By Monica Leslie, MPH
In May 2001, the NSF Joint Committee on Drinking Water Treatment Units (DWTUs) supported the development of a new standard to address shower filter systems.
A uniform approach
Inquiries made to NSF by the industry, consumers and regulatory agencies indicated the need for establishment of uniform testing methods to evaluate the effectiveness of such systems. The new standard, ANSI/NSF 177-Shower Filtration Systems, will meet this goal by establishing minimum performance requirements for such units, including contaminant reduction performance, materials safety, design and construction, and structural performance. Similar to all other DWTU standards, this standard will also specify the minimum product literature and labeling information that a manufacturer shall supply to authorized representatives and system owners.
Under the direction of the DWTU Joint Committee, a task group was formed in July 2001 with volunteers from the joint committee, manufacturers from the shower filter industry and other interested parties, such as Water Quality Association and Health Canada. The goal of the task group is to address the issues that may be unique to a shower filtration system, and make recommendations to the DWTU Joint Committee regarding the criteria and testing methods used for evaluating a system’s performance.
Setting the criteria
At its first two meetings, which took place in October and December 2001, the task group identified several key issues that need to be addressed within the standard. First, the task group determined that initially the scope will apply to shower filtration systems designed to reduce specific chemicals affecting the aesthetic quality of water used for bathing. Claims for the reduction of health effects contaminants, including biological, chemical, physical or radiological, wouldn’t be included under the initial scope of the standard. After further consideration, the group reached consensus that the standard initially would only address systems intended to reduce free available chlorine (FAC). The task group agreed, however, that as new technology warrants — and further test methods and criteria are developed — other substances that are also at concentrations influencing public acceptance of water for bathing could be included as well.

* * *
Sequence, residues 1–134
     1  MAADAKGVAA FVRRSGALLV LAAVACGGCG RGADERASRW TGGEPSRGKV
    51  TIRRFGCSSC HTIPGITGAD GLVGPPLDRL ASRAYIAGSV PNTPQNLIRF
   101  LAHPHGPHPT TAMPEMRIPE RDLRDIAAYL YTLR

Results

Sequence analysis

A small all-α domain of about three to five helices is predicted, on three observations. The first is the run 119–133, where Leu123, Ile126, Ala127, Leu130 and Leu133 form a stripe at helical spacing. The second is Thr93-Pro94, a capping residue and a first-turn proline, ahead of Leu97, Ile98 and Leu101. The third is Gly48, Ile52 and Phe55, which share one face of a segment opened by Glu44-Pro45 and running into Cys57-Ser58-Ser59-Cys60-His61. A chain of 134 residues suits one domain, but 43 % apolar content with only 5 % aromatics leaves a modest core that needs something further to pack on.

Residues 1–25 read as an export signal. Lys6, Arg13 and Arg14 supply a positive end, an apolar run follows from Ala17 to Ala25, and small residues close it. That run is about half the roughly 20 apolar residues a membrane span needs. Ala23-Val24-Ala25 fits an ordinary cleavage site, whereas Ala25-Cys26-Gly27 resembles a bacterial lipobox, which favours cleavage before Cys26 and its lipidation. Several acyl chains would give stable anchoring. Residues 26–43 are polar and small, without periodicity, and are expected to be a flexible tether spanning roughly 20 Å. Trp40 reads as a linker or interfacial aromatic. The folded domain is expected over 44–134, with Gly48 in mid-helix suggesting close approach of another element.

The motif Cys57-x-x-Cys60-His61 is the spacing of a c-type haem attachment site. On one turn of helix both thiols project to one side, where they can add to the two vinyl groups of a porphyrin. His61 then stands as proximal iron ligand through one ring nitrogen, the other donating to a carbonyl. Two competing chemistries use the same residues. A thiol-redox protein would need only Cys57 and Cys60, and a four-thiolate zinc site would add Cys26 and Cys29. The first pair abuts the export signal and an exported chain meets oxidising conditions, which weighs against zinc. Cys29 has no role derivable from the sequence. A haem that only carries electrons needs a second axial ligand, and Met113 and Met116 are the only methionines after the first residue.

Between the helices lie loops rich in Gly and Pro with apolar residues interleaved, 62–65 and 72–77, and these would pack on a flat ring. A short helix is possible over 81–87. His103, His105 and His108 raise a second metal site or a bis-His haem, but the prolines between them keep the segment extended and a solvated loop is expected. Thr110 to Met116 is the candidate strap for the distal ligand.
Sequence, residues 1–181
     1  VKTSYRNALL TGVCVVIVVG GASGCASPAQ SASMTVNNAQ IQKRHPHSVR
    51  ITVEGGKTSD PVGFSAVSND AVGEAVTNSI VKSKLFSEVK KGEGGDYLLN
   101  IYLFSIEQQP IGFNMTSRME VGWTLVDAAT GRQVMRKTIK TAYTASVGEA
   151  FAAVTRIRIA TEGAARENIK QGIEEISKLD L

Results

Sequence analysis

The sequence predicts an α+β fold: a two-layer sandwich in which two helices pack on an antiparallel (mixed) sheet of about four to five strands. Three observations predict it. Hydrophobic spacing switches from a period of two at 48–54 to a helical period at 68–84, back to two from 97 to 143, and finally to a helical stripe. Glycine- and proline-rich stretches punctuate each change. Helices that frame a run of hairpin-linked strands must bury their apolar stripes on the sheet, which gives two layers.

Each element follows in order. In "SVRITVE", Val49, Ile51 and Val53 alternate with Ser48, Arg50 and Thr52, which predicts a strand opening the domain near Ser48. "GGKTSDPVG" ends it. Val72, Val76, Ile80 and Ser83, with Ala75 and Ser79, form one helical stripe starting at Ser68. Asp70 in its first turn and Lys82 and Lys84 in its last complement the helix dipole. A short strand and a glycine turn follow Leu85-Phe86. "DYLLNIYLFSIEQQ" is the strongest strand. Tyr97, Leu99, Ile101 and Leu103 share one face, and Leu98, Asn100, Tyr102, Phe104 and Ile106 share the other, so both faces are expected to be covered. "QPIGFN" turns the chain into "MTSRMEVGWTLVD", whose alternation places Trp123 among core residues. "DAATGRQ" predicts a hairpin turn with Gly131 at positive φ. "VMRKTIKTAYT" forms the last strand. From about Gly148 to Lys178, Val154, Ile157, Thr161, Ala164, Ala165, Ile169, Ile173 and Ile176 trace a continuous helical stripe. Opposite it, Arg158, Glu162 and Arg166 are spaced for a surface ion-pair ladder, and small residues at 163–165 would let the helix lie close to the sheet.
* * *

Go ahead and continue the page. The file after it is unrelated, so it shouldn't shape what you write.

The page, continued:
Second, the task group agreed that, although shower filtration systems aren’t intended to serve as drinking water treatment units, these systems are in contact with potable water and therefore shouldn’t impart extractable contaminants such as heavy metals and volatile organic compounds (VOCs) into the water. The task group decided to consider an abbreviated materials evaluation method that would include substances that have maximum contaminant concentrations (MCCs) and maximum drinking water levels (MDWLs) only. The proposed test, which would be performed on two systems, would include flushing each system for a minimum of 10 minutes (or per the manufacturer’s recommended time, if longer) using a public water supply with the following characteristics:
- pH of 6.75 ± 0.25;
- Temperature of 40°C ± 2°C (104°F ± 4°F);
- Total dissolved solids (TDS) of 50 mg/L ± 5 mg/L, and
- Free available chlorine (FAC) concentration of 0.5 mg/L ± 0.05 mg/L.